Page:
Miami-Based "Jazztronica" Duo Twyn Drops Hyperfuturistic Double Single

Twyn Brian Demby
At the beginning of Twyn's new single, "Ravana," something colossal emerges on the horizon — a starship that's about to blast the listener to another world. Synthesized bass gives way to hyperfuturistic arpeggiations that streak like stars at light speed. A stutter-step rhythm kicks in and, just over a minute into the interstellar journey, Jason Matthews' keyboard starts speaking in an alien tongue.

It's a dazzling demonstration that Twyn doesn't need a vocalist to convey lyricism. The two members let their instruments do the talking.

"That's the whole point of the instrumentals for us," Matthews says. "It's just singing through the keyboard. It feels lyrical and it feels like a song — something you can remember... We might be instrumental, but we're songwriters. We're very much about the melody and the sonic textures. We have the hip-hop production mentality, so the sounds are everything. I love epic music. Anything that sounds epic, that's what I go with."

"Ravana," which Matthews calls "our Stranger Things track," is the first half of Twyn's new double-single recorded at the legendary North Miami studio City of Progress and packaged together as ii. The companion single, "Mercury," is more of a hypnotic mind-bender, but, again, Matthews' synth leads carry the melody.
The Miami-based "jazztronica" duo of Matthews and drummer Aaron Glueckauf formed in 2010. Originally known as Etch a Sketch, they adopted the name "Twyn" after being threatened with a copyright infringement lawsuit. For the past several years, they've been impressing local audiences at nightclubs and III Points Music Festival through live sets that rely on looping and fly-by-the-seat-of-their-pants improvisation.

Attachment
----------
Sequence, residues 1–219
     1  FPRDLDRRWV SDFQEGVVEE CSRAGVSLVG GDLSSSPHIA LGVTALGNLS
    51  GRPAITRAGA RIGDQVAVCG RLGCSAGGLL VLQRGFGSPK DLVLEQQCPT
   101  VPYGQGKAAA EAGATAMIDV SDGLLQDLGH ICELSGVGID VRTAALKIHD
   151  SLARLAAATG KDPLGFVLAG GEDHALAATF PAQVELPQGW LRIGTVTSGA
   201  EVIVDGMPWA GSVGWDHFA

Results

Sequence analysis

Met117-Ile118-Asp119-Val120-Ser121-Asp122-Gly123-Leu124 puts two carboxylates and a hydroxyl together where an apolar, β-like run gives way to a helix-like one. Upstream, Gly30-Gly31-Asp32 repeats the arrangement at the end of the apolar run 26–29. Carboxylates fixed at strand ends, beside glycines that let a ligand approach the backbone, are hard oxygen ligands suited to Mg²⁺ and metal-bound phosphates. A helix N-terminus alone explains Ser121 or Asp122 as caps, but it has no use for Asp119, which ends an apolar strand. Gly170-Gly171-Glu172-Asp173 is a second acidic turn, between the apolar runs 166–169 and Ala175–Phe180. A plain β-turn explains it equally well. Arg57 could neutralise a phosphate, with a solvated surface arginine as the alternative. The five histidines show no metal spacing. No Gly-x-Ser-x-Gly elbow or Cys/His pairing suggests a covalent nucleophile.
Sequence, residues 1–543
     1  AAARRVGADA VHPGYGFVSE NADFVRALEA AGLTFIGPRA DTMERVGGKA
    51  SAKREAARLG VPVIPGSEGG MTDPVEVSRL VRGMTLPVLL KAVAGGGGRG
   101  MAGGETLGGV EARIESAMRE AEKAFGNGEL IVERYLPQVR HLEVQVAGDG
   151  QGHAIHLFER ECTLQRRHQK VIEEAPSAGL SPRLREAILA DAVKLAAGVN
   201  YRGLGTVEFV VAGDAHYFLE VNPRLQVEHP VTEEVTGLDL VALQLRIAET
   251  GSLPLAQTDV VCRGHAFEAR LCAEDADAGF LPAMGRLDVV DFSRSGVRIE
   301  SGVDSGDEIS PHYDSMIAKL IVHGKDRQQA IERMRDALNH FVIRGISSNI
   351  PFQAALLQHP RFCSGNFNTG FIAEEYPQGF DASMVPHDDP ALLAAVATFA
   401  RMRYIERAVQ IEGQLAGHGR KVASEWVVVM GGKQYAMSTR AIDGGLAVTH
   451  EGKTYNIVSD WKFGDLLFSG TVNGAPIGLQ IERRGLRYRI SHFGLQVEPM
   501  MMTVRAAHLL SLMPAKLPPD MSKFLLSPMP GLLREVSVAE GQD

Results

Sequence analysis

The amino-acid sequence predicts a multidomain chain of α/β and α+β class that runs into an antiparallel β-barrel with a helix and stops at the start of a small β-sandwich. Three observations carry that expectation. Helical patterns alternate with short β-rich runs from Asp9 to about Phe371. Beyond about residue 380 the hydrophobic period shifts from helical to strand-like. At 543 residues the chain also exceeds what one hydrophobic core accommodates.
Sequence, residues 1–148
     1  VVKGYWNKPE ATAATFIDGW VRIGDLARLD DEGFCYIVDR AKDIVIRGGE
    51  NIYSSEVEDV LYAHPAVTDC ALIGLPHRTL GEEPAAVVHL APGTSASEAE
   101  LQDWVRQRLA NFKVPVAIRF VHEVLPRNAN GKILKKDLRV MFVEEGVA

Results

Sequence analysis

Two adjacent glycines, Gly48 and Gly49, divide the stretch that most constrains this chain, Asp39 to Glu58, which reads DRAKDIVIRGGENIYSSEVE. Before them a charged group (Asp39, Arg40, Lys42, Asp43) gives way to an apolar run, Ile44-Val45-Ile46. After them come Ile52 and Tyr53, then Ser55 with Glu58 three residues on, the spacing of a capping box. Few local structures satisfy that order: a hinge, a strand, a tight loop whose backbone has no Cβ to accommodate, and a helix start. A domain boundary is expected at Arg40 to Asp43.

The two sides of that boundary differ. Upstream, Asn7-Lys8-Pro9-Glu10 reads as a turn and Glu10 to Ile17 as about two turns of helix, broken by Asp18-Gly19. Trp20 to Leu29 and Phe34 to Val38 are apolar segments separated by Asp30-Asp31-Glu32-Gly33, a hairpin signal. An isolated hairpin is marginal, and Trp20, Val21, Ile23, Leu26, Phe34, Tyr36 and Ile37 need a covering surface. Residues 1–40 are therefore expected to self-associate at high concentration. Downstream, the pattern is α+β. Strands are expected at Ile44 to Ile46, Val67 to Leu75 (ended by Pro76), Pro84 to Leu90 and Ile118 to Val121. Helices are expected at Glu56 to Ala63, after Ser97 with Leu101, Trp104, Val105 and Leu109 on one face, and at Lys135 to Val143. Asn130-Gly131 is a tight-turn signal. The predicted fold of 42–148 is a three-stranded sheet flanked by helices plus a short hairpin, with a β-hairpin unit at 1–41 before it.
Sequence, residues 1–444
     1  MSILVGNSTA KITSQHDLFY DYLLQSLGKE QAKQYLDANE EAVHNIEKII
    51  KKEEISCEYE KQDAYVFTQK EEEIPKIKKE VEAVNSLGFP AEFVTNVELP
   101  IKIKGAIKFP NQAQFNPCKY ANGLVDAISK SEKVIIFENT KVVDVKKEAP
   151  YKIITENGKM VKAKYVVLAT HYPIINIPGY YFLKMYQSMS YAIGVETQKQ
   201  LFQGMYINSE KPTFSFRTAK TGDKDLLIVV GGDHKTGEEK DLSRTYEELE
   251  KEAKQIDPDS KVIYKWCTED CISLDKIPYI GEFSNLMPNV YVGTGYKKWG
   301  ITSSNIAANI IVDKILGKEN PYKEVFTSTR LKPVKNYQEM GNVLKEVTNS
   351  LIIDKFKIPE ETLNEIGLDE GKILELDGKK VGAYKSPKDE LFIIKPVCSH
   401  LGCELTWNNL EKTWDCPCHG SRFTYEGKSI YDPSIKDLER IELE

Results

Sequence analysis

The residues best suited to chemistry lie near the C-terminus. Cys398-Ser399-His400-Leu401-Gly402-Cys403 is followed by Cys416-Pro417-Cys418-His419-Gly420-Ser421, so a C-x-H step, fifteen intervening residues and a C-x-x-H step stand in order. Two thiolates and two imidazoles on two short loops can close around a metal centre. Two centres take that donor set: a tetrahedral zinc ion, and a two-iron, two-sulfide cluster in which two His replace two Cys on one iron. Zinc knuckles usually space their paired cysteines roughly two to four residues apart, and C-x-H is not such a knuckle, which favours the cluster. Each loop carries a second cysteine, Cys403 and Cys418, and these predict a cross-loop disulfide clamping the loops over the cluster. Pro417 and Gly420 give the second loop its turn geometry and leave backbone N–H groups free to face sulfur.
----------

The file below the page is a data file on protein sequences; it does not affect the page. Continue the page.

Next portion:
"We've been playing together for so long we usually know exactly where the other person wants to go," Matthews says. "I mean, sometimes we don't." But that's part of the fun. The sense that everything could fall apart adds an exciting element to their performances.

"It can get weird because Jason loops stuff with a foot pedal," Glueckauf says. "We don't have a click, so it can get hairy up there. It requires a different level of focus when the loops are brought in. We don't want to have static loops that are gridded out perfectly from our laptop, so we can just check out. We want to be totally engaged."

Though both are trained jazz players who have dabbled in funk and hip-hop, neither is interested in applying their skills in the name of traditionalism. They're always pursuing innovative sound designs and different ways of performing technically complex music.

"Our approach as instrumentalists is to take all these influences, put them in a blender, and have it come out our own way," Glueckauf says. "Especially with Twyn, our format is unique and doesn't rely on the conventional rhythm section with a bass player. It's just us two, so it forces us to think creatively about how to fill in the sound with new elements... Every choice matters so much more when you have fewer people."

Looking toward the future, the duo next month plans to release two more singles to go along with ii and is working on a live album as well as a ten-minute orchestral suite recorded with Miami's Nu Deco Ensemble. Based on Twyn's output to date, it's safe to assume the new work will sound otherworldly. 
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Howard Hardee is a freelance writer based in Madison, Wisconsin. Originally from Fairbanks, Alaska, he has a BA in journalism and writes stories about music, outdoor adventures, politics, and the environment for alt-weeklies across the country. He is an aficionado of fine noises and has a theremin in his living room.